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More Protesters to Face Prison as Government Plans Bans on Face Masks and Flares at Demonstrations

“The Government is determined to shut down the ways in which ordinary people can take to the streets to make their voices heard,” Liberty says

A crowd of protesters wearing face masks during a Black Lives Matters protest in London in 2020 Photo: Joshua Windsor / Alamy

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The Government is pushing to ban the use of flares and other pyrotechnics at protests and to let police forces ban face coverings, in the latest spree of anti-protest legislation. 

Ministers have quietly published new amendments to the Criminal Justice Bill which include further restrictions on the right to protest, part of a move condemned by NGOs including Liberty as a dangerous clampdown on free assembly. 

Under the proposed plans, any police constable of inspector rank or above would be able to ban face coverings in any area within their remit for 24 hours, if they believe “the protest is likely to involve or has involved the commission of offences” and it’s “expedient” to ban masks.

It is not clear how wide an area the bans could extend, but it is an attempt to stop activists deliberately “concealing” their identities. However, those wearing coverings for medical reasons are likely to get swept up in the area-wide bans.

Possessing pyrotechnics such as flares at protests, and climbing on war memorials at any time, will also be banned outright. Both will carry fines of up to £1,000, with anyone climbing on memorials also facing up to three months in prison. When banning face coverings, police will have to give advance notice. 

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Protests can be defined as constituting only one person, under the bill, meaning that anyone carrying a flare without it being deemed necessary for work could be fined. 

Other changes to the bill will remove defences used by protesters, where they have previously been charged with property damage. It creates a new offence of creating “serious disruption to road transport infrastructure”.

The draft law states clearly: “Protest does not constitute a lawful or reasonable excuse” for blocking roads, damaging property or breaching the Public Order Act 2023 – another anti-protest bill passed only last year, following the Police, Crime, Sentencing and Courts Act 2022.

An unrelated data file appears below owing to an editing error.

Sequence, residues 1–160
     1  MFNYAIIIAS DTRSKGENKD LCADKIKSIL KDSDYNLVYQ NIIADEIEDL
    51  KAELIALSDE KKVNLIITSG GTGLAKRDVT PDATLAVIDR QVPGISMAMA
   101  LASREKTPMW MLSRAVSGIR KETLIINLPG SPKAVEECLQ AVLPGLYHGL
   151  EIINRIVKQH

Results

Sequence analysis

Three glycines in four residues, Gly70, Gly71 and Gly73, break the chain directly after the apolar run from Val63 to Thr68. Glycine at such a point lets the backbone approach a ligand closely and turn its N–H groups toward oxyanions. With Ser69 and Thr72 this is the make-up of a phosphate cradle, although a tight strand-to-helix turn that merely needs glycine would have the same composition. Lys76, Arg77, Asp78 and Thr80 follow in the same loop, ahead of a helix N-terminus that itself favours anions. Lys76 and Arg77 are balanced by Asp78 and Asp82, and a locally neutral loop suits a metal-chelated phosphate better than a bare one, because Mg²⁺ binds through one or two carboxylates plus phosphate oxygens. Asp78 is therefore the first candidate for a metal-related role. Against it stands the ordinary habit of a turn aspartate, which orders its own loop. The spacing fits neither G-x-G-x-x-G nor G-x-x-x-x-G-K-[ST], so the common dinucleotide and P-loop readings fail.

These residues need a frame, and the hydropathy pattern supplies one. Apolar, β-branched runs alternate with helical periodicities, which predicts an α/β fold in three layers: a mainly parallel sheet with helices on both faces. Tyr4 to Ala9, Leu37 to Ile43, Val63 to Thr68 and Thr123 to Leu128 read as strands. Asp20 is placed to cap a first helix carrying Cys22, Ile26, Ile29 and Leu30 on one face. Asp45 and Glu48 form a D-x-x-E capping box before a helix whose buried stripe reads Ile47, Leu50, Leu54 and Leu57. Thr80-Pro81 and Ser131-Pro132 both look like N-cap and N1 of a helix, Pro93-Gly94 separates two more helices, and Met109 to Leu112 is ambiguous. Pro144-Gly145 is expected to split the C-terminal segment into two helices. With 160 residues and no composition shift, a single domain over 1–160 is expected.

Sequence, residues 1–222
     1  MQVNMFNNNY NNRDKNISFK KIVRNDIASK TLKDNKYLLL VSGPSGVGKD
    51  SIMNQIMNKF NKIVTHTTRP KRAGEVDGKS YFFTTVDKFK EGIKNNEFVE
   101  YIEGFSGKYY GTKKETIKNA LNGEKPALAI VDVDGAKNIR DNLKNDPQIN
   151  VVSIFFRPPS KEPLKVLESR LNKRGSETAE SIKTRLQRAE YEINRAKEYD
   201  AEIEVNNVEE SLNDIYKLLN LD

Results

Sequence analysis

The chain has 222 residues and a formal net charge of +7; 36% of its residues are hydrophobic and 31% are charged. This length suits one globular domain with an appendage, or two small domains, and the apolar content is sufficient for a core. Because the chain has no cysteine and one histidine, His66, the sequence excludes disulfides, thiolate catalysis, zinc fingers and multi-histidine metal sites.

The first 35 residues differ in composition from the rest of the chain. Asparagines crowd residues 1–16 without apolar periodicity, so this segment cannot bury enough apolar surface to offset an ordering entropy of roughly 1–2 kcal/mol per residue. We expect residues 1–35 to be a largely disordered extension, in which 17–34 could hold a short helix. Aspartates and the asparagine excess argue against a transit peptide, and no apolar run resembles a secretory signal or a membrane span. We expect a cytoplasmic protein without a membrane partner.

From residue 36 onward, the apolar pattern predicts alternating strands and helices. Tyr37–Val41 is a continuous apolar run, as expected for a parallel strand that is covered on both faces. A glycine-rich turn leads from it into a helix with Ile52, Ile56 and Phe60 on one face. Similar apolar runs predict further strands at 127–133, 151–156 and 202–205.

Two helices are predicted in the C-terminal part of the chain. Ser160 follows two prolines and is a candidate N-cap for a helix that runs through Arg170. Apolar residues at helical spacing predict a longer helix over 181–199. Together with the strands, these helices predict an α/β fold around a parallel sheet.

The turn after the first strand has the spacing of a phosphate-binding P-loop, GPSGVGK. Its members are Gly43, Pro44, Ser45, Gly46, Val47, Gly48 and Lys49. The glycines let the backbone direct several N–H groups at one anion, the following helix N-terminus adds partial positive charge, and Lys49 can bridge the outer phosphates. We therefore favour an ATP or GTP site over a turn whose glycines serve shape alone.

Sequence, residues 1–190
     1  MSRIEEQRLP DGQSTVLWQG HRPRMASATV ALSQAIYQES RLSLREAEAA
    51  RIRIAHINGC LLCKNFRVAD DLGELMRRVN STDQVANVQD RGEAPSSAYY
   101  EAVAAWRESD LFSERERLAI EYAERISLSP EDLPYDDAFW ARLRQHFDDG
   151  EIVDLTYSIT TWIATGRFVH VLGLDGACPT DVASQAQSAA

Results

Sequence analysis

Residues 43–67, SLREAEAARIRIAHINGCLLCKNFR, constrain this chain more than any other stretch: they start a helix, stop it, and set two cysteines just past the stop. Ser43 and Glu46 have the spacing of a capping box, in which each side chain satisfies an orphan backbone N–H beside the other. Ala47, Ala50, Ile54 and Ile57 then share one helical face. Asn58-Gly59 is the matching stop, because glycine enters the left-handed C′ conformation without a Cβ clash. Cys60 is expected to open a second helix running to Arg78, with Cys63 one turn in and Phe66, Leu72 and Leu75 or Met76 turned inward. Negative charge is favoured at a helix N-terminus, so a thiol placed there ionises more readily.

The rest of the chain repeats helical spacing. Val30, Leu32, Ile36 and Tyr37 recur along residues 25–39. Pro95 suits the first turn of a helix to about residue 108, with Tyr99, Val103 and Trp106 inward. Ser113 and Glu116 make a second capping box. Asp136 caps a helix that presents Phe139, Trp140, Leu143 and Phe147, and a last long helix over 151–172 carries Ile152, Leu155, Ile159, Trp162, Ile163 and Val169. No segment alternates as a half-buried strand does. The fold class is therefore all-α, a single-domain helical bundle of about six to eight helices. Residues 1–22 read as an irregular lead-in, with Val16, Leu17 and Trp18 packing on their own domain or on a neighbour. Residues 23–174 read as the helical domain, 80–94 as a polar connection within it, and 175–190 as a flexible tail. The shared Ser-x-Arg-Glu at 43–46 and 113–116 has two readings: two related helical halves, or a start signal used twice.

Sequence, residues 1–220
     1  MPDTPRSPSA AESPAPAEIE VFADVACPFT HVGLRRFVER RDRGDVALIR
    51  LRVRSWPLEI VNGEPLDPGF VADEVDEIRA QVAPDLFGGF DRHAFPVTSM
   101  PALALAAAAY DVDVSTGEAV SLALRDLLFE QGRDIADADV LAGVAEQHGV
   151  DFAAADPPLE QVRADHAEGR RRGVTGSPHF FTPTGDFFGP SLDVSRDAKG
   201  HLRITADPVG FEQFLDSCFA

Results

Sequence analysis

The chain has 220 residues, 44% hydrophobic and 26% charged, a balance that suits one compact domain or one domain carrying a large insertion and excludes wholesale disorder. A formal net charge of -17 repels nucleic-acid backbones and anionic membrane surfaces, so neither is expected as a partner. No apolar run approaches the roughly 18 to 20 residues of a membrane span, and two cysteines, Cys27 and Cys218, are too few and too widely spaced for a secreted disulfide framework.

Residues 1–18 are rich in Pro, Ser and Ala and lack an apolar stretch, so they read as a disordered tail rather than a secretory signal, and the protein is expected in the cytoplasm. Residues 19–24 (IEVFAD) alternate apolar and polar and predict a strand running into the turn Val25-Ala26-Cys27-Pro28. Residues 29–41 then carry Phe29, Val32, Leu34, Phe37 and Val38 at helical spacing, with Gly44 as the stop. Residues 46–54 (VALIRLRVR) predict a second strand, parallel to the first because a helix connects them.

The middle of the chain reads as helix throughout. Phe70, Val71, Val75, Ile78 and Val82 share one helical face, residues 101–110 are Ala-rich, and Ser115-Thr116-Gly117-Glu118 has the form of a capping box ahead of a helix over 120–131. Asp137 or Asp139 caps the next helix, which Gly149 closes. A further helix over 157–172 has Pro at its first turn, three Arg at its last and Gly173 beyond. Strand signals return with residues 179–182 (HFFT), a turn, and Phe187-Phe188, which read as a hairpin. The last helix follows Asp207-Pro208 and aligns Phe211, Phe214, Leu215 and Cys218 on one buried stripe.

Those bills were briefed as being passed specifically to target climate action groups such as Extinction Rebellion and Just Stop Oil, but many have successfully defended their actions through free speech defences. 

Green party peer Baroness Jenny Jones told Byline Times it reflected “dark times”: “This dangerously authoritarian Government is clamping down yet further on free speech and making it much harder to protest. 

“More is left to the discretion of individual police officers to decide on protests which will inevitably lead to injustices against peaceful protesters. I hope that once in Government, Labour will repeal many of these recent repressive laws. But somehow I think they might not see it as a priority.” 

Third Round of Anti-Protest Laws Imposed as Civil Liberties Groups Warn of Creeping Authoritarianism

Just one day after Suella Braverman’s appeal for more stringent protest restrictions, the UK Government has unveiled a new set of anti-protest laws.

Ruth Ehrlich, head of policy and campaigns at Liberty, told Byline Times:  “The new protest amendments show once again that the Government is determined to shut down the ways in which ordinary people can take to the streets to make their voices heard.

“Banning face masks will stop ordinary people from being able to take to the streets to stand up for what they believe in. From dissidents fighting for justice, but terrified for the lives of their loved ones abroad, to people with serious medical conditions, everyone attending protests must have the freedom to make decisions about how to keep themselves safe. 

“The police already have the powers to compel someone to remove a face covering – and refusing to do so is a criminal offence. The Government doesn’t need to introduce yet more laws – this time even more sweeping and restrictive.”

Ehrlich branded the changes a “blatant attempt by the Government to clamp down on the ways people can make their voices heard.”

“From votes for women to Pride, the UK has a rich history of protests that have driven positive change in society. We must proudly defend this history and reject these amendments,” she added.

The bill will go through its final Commons stages on Thursday (16th May) before heading to the House of Lords, where it is likely to face amendments and a potential battle with the Commons.

UPDATE: A Home Office spokesperson told this outlet: “The right to protest is a fundamental part of our democracy but we must also protect the law-abiding majority’s right to go about their daily lives.

“It is unacceptable that people can commit offences and evade justice through wearing a face covering and the new measures, which will be introduced in the Criminal Justice Bill, will prevent protesters from covering their face wholly or mainly for the purpose of avoiding conviction for criminal behaviour within the designated area.”

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Josiah Mortimer also writes the On the Ground column, exclusive to the print edition of Byline Times.

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